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Your Estate Planning Pre-Consultation Checklist

January, 2019

Preparing for your estate plan consultation is the key to a successful appointment. The primary goal of the initial consultation is to allow the attorney to learn about you, your loved ones, and your hopes, fears, dreams, and aspirations for your family. We’ve prepared a pre-consultation checklist so that you can make the most of you and your attorney’s time. 

  1. Family Information, including full names, nicknames, ages, and contact information for your spouse, former spouse(s) or partner(s), children (whether included in your plan or not), stepchildren and grandchildren. In addition, include information regarding other potential beneficiaries, fiduciaries, or guardians.
  2. Financial Information for Non-Retirement Assets, including bank accounts, investment accounts (annuities, mutual funds), stocks, bonds, and U.S. Treasury notes.  While it is nice to bring account names, numbers, balances and current statements, the attorney is more interested in the titling (sole, joint, tenants-in-common) and order of magnitude of the assets then the exact balances and account numbers.
  3. Retirement Savings Information, including 401(k)s, 403(b)s, 457s, IRAs, Roths, inherited retirement savings and any pension and beneficiary information Again, exact numbers are not required.
  4. Life Insurance Information, including the type of policy (term, whole, etc.), the owner of the policy and the named beneficiary.
  5. Real Property (Real Estate) Information, including property address, ownership interest (sole, joint, tenants-in-common), estimated market value, and an estimate of the outstanding mortgage balance, for your primary residence and any other real estate that you own such as a vacation home, etc.
  6. Tangible Personal Property (all the “junk and clutter” in your house), a list of special items including antiques, collectibles, automobiles, jewelry, art, that will be given to someone specific upon your death.
  7. Information Regarding Any Inheritance, including current or future interest you may have in a Trust. 
  8. Business Information, including any business interest that you may have, the location of the business, and the type of business (i.e., closely-held business, family business, limited partnership, etc.).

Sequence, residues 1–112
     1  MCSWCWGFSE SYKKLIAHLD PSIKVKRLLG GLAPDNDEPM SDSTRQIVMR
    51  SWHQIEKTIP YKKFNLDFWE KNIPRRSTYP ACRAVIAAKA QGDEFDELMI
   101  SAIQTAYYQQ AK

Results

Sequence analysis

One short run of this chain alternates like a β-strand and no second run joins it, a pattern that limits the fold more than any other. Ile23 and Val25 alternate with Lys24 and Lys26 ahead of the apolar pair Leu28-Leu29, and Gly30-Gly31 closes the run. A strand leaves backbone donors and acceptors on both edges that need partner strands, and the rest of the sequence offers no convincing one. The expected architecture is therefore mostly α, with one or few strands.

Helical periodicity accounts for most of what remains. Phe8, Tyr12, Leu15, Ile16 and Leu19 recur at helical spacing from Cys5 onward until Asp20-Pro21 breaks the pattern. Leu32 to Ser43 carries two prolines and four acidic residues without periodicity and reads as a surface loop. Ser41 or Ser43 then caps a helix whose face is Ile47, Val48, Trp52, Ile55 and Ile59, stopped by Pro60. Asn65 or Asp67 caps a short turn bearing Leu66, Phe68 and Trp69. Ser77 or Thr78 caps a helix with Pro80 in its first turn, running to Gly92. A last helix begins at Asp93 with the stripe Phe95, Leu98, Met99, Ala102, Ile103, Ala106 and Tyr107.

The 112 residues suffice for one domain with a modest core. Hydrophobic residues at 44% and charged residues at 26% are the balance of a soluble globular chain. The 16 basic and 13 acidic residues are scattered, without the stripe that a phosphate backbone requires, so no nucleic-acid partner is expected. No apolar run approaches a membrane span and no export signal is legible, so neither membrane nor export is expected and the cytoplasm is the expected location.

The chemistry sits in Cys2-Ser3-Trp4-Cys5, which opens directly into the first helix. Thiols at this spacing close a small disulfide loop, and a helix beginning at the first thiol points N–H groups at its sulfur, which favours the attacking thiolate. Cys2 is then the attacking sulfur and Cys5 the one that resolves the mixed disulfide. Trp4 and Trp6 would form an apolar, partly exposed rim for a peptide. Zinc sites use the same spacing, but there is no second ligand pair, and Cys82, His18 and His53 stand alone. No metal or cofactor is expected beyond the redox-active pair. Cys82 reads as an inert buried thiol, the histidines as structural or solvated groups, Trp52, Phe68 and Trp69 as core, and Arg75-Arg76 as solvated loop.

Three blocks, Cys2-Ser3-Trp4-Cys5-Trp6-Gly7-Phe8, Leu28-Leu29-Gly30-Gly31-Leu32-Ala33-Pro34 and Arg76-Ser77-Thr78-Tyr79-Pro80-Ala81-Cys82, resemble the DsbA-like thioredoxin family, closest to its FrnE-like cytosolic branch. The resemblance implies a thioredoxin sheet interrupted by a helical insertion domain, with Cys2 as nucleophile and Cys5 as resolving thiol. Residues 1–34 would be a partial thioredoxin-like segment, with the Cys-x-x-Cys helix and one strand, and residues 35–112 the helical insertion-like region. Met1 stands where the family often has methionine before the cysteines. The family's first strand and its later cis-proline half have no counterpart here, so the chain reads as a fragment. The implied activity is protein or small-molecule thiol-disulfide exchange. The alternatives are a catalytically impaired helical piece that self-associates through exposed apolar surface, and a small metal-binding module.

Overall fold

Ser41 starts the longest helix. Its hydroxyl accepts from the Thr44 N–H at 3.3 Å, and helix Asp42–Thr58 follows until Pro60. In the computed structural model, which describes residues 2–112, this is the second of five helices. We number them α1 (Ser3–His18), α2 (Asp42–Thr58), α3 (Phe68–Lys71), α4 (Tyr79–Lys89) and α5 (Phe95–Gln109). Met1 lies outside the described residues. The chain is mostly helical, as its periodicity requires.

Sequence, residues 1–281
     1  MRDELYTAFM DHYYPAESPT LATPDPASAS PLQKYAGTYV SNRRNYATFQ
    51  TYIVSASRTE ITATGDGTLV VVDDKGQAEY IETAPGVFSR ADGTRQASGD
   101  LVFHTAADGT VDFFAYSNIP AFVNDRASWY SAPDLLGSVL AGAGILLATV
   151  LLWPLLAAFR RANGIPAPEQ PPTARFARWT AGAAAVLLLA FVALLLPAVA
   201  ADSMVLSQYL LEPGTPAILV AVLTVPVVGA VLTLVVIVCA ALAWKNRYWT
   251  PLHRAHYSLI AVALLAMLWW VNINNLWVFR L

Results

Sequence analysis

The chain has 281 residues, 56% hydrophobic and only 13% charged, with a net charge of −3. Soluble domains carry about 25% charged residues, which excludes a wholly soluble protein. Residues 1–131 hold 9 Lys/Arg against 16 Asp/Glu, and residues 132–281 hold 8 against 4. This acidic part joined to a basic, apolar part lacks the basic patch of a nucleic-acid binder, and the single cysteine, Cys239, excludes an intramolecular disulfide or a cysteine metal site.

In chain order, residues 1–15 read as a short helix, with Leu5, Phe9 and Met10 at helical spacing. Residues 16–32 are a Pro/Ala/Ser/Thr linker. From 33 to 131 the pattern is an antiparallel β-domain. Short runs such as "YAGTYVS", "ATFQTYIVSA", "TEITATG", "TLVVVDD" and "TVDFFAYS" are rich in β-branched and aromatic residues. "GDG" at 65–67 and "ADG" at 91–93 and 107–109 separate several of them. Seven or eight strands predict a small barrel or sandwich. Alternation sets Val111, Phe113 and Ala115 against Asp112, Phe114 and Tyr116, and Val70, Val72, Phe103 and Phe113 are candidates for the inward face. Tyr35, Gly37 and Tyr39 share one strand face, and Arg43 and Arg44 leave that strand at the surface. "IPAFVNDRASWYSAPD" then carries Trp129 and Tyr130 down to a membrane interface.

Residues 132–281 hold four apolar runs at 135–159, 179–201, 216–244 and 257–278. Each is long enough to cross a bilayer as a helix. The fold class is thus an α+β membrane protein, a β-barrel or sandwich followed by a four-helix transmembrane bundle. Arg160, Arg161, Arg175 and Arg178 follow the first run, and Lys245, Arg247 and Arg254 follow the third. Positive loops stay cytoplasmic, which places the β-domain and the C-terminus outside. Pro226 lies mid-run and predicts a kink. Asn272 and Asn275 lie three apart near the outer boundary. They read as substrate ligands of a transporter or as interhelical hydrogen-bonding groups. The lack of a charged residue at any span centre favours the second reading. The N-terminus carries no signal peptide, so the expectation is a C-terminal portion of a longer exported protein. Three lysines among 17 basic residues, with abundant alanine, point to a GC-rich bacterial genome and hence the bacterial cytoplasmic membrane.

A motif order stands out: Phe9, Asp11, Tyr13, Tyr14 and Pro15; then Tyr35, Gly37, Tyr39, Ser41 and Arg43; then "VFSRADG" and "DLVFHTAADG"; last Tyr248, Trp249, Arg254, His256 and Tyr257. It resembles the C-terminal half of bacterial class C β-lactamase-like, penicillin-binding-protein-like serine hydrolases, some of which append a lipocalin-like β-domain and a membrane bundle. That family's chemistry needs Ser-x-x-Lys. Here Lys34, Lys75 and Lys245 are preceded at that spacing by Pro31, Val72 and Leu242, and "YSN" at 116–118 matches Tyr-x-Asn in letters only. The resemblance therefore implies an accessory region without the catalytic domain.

In addition to your checklist, here are some topics you should be prepared to discuss:

  • Whom would you like to receive your property?
  • Whom would you like to serve as executor of your will?
  • Whom would you like to serve as trustee over any trusts?
  • Would you like to care for any minor children if you are unable to care for them yourself?
  • Whom do you want to make health care decisions for you if you are unable to make your own decisions?
  • Whom would you like to serve as alternate executor, trustee, guardian or power of attorney if your first choice is unavailable or unable to fulfill the duties?
  • Do you have specific instructions for your funeral or burial?

You may not be fully prepared to answer some of these questions, and that is okay. Your attorneys are prepared to answer your questions and guide you through the entire process.

 Contact Our Attorneys

Molly N. Bucci (Burlington, VT) has over 20 years of experience helping families achieve their personal and financial objectives. She also provides counsel to both fiduciaries and beneficiaries in all aspects of trust, probate, and estate administration. Her estate planning practice also includes business succession planning, business formation and real estate law as they relate to estate planning issues. 

Elizabeth A. Brown (Manchester, NH) has over 20 years of experience representing individual and business clients in a wide range of legal issues including estate planning, business succession planning, business formations, and corporate governance issues. Her practice is rooted in ensuring clients have the opportunity to reach their goals while avoiding unnecessary risks. She regularly utilizes her extensive experience working in business litigation matters to help her estate and business planning clients avoid similar costly mistakes.